Colombo, Oct 22 (efe-epa).- The Sri Lankan parliament on Thursday passed by a majority vote a controversial constitutional amendment proposed by the government that grants extraordinary powers to the president, rolling back an earlier amendment limiting these powers, brought during the last legislature.
The 20A (20th amendment) received 156 votes in favor and 65 against after two days of heated debates, with some lawmakers wearing supposedly blood-stained clothing on Thursday as a mark of protest.
After the results of the parliamentary vote were announced, supporters of the amendment came out on the streets in different parts of the country and burst firecrackers.
The controversial 20th constitutional amendment bill was published in an official gazette in September, after the cabinet approved it.
Critics have said that the amendment could result in serious repercussions in the future, especially during possible attempts to hold the president accountable for his or her actions.
A number of protests against the bill were held across the country.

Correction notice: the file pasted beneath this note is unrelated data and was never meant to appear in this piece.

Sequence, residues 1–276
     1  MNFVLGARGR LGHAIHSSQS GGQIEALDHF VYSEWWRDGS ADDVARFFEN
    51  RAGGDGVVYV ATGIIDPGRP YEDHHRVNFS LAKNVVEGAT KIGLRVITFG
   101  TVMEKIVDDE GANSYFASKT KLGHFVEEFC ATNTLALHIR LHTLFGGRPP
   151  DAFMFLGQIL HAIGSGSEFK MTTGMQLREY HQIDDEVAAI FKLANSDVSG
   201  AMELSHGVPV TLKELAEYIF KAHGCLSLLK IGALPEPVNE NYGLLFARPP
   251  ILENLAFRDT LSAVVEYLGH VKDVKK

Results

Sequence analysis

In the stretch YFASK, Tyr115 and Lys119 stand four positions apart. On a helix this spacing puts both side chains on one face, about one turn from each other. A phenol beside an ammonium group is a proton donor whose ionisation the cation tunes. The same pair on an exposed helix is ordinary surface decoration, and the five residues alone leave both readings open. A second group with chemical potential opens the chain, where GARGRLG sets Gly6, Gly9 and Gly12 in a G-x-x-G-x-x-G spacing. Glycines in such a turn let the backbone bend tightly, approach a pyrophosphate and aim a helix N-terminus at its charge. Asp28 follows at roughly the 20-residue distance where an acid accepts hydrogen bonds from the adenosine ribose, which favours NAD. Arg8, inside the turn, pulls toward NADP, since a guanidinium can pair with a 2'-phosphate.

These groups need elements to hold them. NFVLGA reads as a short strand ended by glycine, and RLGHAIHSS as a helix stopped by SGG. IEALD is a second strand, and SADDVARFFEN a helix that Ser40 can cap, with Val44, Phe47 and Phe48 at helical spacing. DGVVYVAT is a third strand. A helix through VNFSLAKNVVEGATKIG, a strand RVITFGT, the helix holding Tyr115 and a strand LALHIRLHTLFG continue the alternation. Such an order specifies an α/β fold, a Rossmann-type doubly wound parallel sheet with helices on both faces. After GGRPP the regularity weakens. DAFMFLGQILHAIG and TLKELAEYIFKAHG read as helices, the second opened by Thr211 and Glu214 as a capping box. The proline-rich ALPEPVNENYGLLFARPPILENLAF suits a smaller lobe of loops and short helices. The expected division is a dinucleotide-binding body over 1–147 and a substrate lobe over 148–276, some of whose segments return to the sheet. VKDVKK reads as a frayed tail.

Around 40 petitions were filed in the Supreme Court opposing the amendment, but the judicial body said that 20A could be approved in the parliament with a two-third majority and an referendum was no needed.
The constitutional amendment was one of the key campaign promises of the Sri Lanka Podujana Peramuna party, led by President Gotabaya Rajapaksa and his brother, Prime Minister Mahinda Rajapaksa, ahead of parliamentary elections on Aug. 5.
Gotabaya had claimed that the 19th amendment, which limited the powers of his office, restricted the nation’s development and therefore needed to be modified.
The SLPP registered a landslide victory in the polls with around 59 percent of the votes, while the opposition alliance Samagi Jana Balawegaya received just around 23.9 percent support, a result that reinforced the government’s intent to carry forward the bill.
However, the amendment approved by the government goes beyond the changes promised by the party during its poll campaign.
Apart from restoring the executive powers of the president, the bill also reduces the number of ministers in the cabinet, allows citizens with double nationalities to occupy parliamentary posts and empowers the president to make crucial appointments. EFE-EPA